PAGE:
A Chinese coast guard ship passed through Indonesia’s exclusive economic zone earlier this month, until driven off by the Maritime Security Agency in Jakarta, just five days after China’s defense minister made a peace-building trip to the Southeast Asian country that’s normally, nominally friendly to Beijing.
But Indonesian officials are used to this soft-plus-hard approach by China and will play along by expelling Chinese vessels, though careful to avoid hot conflict along Beijing’s path to consecrate claims to a wider sea that includes a piece of Indonesia’s zone, experts say. The same dynamic is shaping China’s other testy maritime relations around Southeast Asia, they add.
“There’s no illusion that China intends to stop its behavior or not while it tries to make peace with the region,” said Evan Laksamana, senior researcher for the Center for Strategic and International Studies research group in Jakarta. Indonesian officials were unfazed by the coast guard vessel, he said. “I think rhetoric and behavior are what we have to look for.”
China is alternating displays of force with friendly dialogue around much of Southeast Asia, said Eduardo Araral, associate professor at the National University of Singapore's public policy school. Those moves plus Indonesia’s expulsion of boats follow “game theory”, he said.
Vietnam and the Philippines have faced similar patterns from China over their own disputed sea claims, he added.
Brunei, Malaysia, the Philippines and Vietnam contest Chinese claims to tiny features in the fishing-rich, energy-loaded South China Sea. China doesn’t claim Indonesian-held land but says it has rights to part of the economic zone extending 370 kilometers from Indonesia’s coast lines northwest of Borneo.
China calls about 90% of the sea its own, pointing to historic records as evidence despite protests around Southeast Asia. China has fended off that opposition by using its navy, coast guard and technological prowess to occupy key islets in the 3.5 million-square-kilometer sea that stretches from the Indonesian zone north to Hong Kong.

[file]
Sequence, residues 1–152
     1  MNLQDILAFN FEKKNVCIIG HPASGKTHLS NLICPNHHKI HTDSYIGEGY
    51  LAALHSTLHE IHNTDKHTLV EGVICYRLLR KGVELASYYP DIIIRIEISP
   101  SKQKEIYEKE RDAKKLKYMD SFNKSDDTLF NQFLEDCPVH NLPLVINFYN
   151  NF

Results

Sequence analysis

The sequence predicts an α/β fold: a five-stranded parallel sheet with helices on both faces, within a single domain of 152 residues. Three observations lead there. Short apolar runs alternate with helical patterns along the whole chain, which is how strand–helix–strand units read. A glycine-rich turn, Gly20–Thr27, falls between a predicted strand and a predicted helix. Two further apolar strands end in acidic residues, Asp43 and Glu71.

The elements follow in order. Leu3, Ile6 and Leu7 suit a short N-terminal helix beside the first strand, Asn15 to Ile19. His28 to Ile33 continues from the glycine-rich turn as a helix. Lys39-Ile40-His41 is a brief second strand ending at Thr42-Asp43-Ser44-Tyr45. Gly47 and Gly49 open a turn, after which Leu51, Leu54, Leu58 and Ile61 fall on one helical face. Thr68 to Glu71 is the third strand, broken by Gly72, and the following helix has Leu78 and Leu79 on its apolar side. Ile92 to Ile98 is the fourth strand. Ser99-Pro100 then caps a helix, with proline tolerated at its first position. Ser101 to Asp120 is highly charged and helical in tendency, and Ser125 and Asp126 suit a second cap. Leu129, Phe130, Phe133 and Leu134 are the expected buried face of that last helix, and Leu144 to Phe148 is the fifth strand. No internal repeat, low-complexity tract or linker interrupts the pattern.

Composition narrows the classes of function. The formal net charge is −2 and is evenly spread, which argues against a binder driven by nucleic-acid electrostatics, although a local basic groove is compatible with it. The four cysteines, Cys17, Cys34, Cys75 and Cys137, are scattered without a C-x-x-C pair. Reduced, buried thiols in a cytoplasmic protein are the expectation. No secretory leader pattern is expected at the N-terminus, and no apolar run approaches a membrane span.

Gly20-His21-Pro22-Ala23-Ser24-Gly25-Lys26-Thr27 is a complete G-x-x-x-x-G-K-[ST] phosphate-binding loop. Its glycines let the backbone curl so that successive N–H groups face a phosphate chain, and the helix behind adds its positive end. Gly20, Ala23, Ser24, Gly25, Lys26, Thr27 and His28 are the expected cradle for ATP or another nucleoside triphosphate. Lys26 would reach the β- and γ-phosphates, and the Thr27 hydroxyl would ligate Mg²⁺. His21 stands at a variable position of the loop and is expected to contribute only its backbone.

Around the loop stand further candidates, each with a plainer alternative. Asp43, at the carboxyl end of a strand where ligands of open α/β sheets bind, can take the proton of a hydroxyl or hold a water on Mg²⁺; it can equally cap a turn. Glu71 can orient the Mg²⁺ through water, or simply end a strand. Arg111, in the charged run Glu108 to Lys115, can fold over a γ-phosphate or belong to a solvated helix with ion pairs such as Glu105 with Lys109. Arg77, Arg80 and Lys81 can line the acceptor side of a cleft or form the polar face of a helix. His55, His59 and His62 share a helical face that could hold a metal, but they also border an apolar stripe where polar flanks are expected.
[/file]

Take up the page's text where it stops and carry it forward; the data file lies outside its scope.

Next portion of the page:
Chinese landfilling of the islets, in some cases for military use, particularly upset Southeast Asian states over the past decade.
To defuse tension, Chinese Minister of National Defense Wei Fenghe met with Indonesian Defense Minister Prabowo Subianto in Jakarta September 8. Wei called the two countries “important neighbors” that day, part of a Southeast Asia trip Southeast that also covered Brunei, Malaysia and the Philippines.
For China, the contested sea near Indonesia represents a new tract for fishing and possible undersea energy exploration, scholars say. The tract lies closest to Indonesia’s Natuna Island chain.
“That’s the last frontier they haven’t put their stakes on, Araral said. “They’re just pushing it the furthest that they can. If you look at it from the bigger picture, what they’re doing in Indonesia is pretty predictable in the bigger scheme of things.”
Shows of force allow China to negotiate from a position of strength with other governments and the 10-member Association of Southeast Asian Nations bloc, Laksamana said.
China has the world’s third strongest armed forces, ahead of every Southeast Asian state. China and the bloc aim to sign a maritime code of conduct that would help prevent accidents in the contested sea, but sovereignty-related issues have held up a final deal despite dialogue since 2002.
Negotiating from strength could “even give China an upper hand in concluding a low-quality code of conduct,” the Jakarta-based analyst said.
Indonesians expect more Chinese activity in its economic zone where the coast guard vessel passed this month, scholars say.
Indonesian vessels have periodically expelled other Chinese ships in the disputed tract. In 2016 Indonesia contended with a string of incidents including a standoff with China during an effort to arrest people aboard Chinese fishing vessels.
Indonesia’s foreign ministry formally protested to China September 14 over the coast guard sighting a day earlier. The ministry rejected China's claims to the nearby waters.
While ship expulsions and diplomatic protests can proceed with little risk for Indonesia, analysts say, resisting more rigorous Chinese activity such as voyages closer to the Natuna Island shorelines would be riskier.
The Indonesian navy has acquired more weaponry over the years, while the coast guard vowed this month to boost patrols. But Indonesia’s coastal authorities must patrol 13,000 islands for terrorists, pirates and illegal migration as well as vessels from China.
“In general, we are not that worried, but we are concerned if this one happened again that our coast guard could not manage it properly because we lack capacity,” said Paramita Supamijoto, an international relations lecturer at Bina Nusantara University.